Energy intake:BMR ratio

Energy only

Assumptions of model regarding water partitioning may not apply in cases of gross obesity, high alcohol intake, or use of diuretics Very expensive

Analysis technically demanding Protein only

PABA analysis affected by paracetamol and related products Protein only

Danger of incomplete samples

Complex relationship with intake mediated by digestion, absorption, uptake, utilization, metabolism, excretion, and homeostatic mechanisms Cost and precision of assays Invasive

Imprecision of estimate of BMR based on body weight and regression equations Single cutoff point (e.g., EI:BMR <1.1) will not identify low-energy reporters with higher habitual energy expenditures Higher estimates of cutoff (e.g., EI:BMR <1.2) captures more true low energy reporters but also more good reporters

It is important to ensure that the urine collections are complete. This necessitates the use of an inert metabolic marker (para-amino benzoic acid (PABA)), which is rapidly absorbed and excreted. Subjects take a divided dose of 240 mg PABA throughout the day. At least 85% of the PABA should be recovered in the urine in a 24-h collection. If the amount recovered is less than 85%, the urine sample may be regarded as incomplete and therefore not suitable for analysis of nitrogen in order to check the completeness of the dietary record. Because paracetamol and related compounds interfere with the PABA assay, a measure of excretion over 115% of the administered dose would be suspect.

As with doubly labeled water, the principal weakness of urinary nitrogen as a marker for the completeness of dietary records is that many foods contain low levels of nitrogen but may be important sources of other nutrients. Any check for the completeness of dietary records based on nitrogen will not assess the presence or absence of these other foods. Also, the issue of dietary distortion is not addressed. Potassium is more widespread in foods, although the largest contributors are usually fruits and vegetables. Using urinary nitrogen and potassium in combination gives a better assessment of the completeness of the recording than any single marker.

Ratio of energy intake to basal metabolic rate Doubly labeled water and urinary nitrogen excretion are particularly useful for assessing the validity of prospec-tively recorded diets because the time frame of the test and reference measures can be made to coincide. A third technique for assessing validity can be used with both prospective records and recalls of diet. It is based on energy and thus has the limitations of a validating marker relating to a single dietary factor. It has the advantage, however, of being able to be applied to all subjects in a dietary survey because no external reference measure is needed. It is a biomar-ker in the sense that it relies on a biological measure (body weight) and is best applied when measures of physical activity at the individual level are also available. The assumption is that there should be reasonable agreement between estimated requirement and estimated intake.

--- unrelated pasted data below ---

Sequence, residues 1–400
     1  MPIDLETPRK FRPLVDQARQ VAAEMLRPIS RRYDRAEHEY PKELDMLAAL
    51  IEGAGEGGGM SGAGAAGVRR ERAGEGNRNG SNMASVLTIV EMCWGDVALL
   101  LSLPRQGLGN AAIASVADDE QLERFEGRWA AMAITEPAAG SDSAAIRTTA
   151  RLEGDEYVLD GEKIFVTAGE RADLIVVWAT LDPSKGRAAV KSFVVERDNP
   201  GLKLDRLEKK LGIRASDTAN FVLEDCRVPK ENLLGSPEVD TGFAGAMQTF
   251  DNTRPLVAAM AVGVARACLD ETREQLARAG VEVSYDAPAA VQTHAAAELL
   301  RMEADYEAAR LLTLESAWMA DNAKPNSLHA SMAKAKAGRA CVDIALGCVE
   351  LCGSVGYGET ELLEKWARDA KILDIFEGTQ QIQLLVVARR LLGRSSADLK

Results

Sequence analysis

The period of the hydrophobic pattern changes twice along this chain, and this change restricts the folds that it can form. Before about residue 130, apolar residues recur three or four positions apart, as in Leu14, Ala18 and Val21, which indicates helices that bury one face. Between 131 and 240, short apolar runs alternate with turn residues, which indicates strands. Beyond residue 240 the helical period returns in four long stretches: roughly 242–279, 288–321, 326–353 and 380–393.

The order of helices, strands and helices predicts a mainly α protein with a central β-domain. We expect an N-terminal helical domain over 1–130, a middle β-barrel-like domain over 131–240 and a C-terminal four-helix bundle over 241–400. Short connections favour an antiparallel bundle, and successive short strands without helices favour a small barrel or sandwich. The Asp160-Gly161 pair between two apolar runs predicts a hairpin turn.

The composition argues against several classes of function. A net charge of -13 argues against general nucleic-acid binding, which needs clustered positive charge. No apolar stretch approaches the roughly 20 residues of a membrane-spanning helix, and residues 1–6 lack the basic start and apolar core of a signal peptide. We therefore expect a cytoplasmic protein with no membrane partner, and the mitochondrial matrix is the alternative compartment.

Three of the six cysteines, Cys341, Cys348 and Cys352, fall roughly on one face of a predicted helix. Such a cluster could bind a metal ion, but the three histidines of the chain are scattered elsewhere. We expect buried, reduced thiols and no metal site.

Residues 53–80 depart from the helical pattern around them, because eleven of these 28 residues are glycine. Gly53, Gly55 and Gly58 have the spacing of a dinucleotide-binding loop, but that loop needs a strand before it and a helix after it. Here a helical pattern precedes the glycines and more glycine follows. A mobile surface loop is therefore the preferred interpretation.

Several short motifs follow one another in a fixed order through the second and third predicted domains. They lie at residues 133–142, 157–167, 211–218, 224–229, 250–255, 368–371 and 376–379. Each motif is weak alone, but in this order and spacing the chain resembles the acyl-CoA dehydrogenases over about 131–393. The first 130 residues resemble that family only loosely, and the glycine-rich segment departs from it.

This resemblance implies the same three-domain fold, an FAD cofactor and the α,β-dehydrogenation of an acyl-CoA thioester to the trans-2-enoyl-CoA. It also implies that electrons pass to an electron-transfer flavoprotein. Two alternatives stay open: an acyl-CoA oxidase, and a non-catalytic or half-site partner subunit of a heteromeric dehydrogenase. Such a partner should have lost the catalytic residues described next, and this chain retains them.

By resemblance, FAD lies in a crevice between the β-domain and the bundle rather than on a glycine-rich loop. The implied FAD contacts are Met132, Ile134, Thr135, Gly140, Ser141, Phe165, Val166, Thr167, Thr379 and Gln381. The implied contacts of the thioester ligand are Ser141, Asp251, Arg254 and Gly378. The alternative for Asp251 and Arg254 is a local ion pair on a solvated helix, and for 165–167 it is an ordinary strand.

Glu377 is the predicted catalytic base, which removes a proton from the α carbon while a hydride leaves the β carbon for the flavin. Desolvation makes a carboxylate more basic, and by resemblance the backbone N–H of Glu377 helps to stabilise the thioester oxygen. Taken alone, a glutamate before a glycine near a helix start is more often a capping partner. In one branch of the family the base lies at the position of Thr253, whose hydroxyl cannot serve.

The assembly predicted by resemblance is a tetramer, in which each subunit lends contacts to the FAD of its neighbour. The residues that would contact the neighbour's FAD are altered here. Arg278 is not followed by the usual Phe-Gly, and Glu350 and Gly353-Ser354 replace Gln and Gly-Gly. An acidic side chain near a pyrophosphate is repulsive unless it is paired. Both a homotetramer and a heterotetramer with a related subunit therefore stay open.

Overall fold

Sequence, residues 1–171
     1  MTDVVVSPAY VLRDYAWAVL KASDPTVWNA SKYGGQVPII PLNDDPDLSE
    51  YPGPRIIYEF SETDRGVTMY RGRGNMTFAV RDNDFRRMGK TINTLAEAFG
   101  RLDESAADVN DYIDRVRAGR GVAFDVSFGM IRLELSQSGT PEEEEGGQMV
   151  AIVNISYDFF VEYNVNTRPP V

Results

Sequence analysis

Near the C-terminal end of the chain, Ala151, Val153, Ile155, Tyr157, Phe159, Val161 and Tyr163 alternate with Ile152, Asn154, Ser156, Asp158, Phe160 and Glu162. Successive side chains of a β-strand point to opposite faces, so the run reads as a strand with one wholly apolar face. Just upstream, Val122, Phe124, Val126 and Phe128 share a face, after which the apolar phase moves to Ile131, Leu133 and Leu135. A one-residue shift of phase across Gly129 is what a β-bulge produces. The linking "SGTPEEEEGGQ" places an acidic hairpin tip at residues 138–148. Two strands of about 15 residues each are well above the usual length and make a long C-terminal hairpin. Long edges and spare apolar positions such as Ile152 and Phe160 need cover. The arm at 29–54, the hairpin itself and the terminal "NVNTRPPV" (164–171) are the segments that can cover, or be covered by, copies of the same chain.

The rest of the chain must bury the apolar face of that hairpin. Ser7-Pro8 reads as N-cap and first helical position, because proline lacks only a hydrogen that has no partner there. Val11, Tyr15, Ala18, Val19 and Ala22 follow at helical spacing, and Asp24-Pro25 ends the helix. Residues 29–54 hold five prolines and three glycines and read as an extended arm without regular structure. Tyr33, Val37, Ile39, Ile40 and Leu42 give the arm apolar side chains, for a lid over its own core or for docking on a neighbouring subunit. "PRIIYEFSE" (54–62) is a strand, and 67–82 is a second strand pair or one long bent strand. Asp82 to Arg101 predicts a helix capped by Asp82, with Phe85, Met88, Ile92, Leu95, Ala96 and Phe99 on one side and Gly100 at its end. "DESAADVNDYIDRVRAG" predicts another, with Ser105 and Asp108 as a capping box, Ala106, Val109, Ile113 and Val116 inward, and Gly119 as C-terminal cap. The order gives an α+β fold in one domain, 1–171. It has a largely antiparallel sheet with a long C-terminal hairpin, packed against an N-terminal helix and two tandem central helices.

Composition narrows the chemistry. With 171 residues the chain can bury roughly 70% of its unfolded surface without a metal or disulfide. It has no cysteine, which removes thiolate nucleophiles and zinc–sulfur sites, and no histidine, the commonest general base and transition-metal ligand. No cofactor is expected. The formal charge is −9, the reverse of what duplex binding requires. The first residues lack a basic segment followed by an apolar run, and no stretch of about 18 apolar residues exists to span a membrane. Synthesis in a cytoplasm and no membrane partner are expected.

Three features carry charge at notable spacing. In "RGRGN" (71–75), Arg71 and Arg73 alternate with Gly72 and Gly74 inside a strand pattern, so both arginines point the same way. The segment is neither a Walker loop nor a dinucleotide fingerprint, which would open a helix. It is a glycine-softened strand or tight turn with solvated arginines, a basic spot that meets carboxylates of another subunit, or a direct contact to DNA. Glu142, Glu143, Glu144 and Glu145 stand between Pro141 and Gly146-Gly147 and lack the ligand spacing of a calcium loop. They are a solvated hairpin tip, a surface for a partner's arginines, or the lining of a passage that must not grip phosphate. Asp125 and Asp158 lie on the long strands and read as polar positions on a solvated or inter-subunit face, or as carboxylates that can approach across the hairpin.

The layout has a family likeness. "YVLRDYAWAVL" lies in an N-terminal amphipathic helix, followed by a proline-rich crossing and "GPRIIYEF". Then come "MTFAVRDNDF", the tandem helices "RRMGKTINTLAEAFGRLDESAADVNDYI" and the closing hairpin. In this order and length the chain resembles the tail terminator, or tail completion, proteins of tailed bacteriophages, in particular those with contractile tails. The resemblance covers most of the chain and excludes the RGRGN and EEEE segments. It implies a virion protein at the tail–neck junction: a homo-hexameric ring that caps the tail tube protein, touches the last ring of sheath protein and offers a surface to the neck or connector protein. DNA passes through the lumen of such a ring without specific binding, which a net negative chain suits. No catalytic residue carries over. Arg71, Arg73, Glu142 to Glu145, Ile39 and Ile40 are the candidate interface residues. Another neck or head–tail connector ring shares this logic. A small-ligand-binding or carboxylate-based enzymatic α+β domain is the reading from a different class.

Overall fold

Schofield equations can be used to estimate basal metabolic rate (BMR) based on age, gender, and body weight. An individual whose reported energy intake is below the level of energy expenditure likely to be needed to carry out day-to-day activities has probably underreported his or her diet. A typical cutoff point for an acceptable ratio of the energy intake to BMR ratio in an individual is 1.2, taking into account daily variations in energy intake over a period of 7 days of dietary recording and allowing for the inaccuracies of the estimate of BMR based on the Schofield equations. A cutoff of 1.2 will identify only those subjects who under-report and whose levels of activity are low. For subjects with higher levels of activity (e.g., estimated from questionnaire responses), proportionately higher cutoff points are appropriate. It is also possible to estimate an upper probable level of energy expenditure (e.g., 2.5 times BMR, depending on habitual level of activity) and subjects with reported levels of intake over this value may be regarded as being overreporters.